The generally optimistic tone at Davos last week was rudely interrupted by a melt-down in emerging markets, triggered by concerns that the major central banks in the developed economies are contemplating an exit from easy money sooner than previously expected.
The Fed will probably take its second step towards tapering next Wednesday and now seems to be on auto-pilot for the rest of the year. More surprisingly, the Bank of Japan sounded some cautious notes about the likelihood of further quantitative easing when fiscal policy tightens in April. Finally, the UK authorities, in the shape of “aides of the Chancellor”, hinted that a rise in short rates may be no bad thing this year.
A significant shift towards tighter monetary policy in the developed world as a whole still seems extremely unlikely, given the deflation risks highlighted by the IMF last week.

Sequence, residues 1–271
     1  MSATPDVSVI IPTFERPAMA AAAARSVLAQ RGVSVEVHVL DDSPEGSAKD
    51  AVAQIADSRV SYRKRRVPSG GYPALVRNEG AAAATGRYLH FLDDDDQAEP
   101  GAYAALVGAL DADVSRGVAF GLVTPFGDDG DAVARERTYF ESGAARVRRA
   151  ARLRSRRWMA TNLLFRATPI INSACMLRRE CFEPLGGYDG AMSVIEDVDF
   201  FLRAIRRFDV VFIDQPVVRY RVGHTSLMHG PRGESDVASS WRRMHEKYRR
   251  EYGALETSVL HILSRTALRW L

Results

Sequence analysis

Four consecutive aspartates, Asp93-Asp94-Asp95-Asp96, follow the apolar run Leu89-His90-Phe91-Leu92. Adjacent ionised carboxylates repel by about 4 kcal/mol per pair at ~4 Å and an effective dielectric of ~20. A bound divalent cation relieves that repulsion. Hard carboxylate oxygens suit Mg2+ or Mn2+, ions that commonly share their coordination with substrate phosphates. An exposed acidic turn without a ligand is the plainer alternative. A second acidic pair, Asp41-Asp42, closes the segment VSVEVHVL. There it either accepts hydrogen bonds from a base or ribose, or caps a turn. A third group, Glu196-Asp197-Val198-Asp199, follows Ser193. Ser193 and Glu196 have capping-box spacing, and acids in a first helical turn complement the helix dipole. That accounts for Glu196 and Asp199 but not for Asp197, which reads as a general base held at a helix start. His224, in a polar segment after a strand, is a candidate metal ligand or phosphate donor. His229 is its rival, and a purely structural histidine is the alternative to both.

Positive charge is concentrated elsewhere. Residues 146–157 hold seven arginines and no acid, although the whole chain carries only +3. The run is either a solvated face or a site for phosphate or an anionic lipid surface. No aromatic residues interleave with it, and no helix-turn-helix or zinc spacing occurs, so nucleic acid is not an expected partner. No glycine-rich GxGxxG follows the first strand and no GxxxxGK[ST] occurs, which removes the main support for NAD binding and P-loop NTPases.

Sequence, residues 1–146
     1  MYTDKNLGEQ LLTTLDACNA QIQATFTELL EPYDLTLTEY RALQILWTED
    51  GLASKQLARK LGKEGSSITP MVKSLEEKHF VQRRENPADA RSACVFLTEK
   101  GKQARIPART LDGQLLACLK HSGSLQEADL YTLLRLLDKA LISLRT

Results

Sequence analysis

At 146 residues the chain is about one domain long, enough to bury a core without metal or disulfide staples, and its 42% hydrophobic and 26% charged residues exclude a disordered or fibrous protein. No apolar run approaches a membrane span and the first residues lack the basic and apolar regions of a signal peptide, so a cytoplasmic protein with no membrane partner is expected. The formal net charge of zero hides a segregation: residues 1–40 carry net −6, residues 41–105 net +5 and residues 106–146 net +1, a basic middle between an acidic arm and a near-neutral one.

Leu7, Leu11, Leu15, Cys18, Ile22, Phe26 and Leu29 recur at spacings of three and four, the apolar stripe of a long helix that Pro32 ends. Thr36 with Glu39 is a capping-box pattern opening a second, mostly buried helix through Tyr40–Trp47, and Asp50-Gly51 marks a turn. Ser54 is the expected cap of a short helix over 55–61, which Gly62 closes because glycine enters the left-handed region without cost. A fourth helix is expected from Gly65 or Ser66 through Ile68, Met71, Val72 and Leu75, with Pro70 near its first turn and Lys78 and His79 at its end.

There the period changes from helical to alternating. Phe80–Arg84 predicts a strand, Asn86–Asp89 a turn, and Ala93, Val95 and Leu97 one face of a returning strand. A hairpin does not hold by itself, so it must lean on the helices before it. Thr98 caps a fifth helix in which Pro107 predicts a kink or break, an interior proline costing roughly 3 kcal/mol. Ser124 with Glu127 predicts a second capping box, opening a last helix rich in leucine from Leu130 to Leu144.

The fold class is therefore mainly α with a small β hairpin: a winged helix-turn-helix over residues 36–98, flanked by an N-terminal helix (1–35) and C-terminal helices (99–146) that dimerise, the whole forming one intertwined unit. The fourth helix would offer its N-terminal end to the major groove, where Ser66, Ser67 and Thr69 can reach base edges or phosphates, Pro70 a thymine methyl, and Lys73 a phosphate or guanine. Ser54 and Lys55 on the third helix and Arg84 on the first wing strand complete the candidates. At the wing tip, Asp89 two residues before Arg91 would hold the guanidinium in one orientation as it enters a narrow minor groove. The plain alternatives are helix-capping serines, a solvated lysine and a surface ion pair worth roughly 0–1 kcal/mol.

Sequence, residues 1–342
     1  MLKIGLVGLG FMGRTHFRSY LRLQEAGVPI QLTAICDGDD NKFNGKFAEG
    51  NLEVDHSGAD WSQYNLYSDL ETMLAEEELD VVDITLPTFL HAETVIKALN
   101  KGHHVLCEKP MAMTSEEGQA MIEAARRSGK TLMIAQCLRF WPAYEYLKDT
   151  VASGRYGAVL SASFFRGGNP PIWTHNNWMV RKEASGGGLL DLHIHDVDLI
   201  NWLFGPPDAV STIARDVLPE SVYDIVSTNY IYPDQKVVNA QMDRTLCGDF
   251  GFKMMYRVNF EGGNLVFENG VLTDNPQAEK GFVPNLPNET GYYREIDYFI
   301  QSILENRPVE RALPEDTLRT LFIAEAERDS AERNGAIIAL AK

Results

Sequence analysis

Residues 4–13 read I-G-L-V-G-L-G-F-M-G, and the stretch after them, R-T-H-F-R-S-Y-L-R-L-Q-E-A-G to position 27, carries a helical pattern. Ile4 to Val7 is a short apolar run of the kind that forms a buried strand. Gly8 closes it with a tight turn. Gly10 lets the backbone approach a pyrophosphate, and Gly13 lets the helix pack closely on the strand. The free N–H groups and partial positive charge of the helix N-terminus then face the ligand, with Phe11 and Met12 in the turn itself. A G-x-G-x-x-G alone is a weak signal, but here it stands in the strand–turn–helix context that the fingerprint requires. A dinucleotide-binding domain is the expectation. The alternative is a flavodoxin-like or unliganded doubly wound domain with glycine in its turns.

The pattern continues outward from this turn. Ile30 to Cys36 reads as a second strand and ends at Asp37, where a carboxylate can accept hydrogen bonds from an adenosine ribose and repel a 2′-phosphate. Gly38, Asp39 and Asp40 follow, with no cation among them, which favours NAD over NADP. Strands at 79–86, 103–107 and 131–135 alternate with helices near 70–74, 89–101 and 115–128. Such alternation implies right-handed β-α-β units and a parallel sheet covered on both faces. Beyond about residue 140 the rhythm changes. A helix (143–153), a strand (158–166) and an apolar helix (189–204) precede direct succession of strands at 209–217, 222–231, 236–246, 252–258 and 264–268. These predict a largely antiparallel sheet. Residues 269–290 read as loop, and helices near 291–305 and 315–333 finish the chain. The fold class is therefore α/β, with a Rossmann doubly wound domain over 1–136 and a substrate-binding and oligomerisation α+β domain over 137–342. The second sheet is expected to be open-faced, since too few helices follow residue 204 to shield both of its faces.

But the British case is now very intriguing and, after contradictory messages at Davos, also somewhat confused.
Because of low productivity, the level of UK GDP continues to lag well behind the recovery from the Great Recession achieved in many other economies. But the remarkable recent surge in UK growth rates, along with a sharp fall in unemployment, means that the Bank of England now has to reconsider its entire monetary stance. With forward guidance now in murky waters, the markets will want greater clarity in the next Inflation Report in February. Read more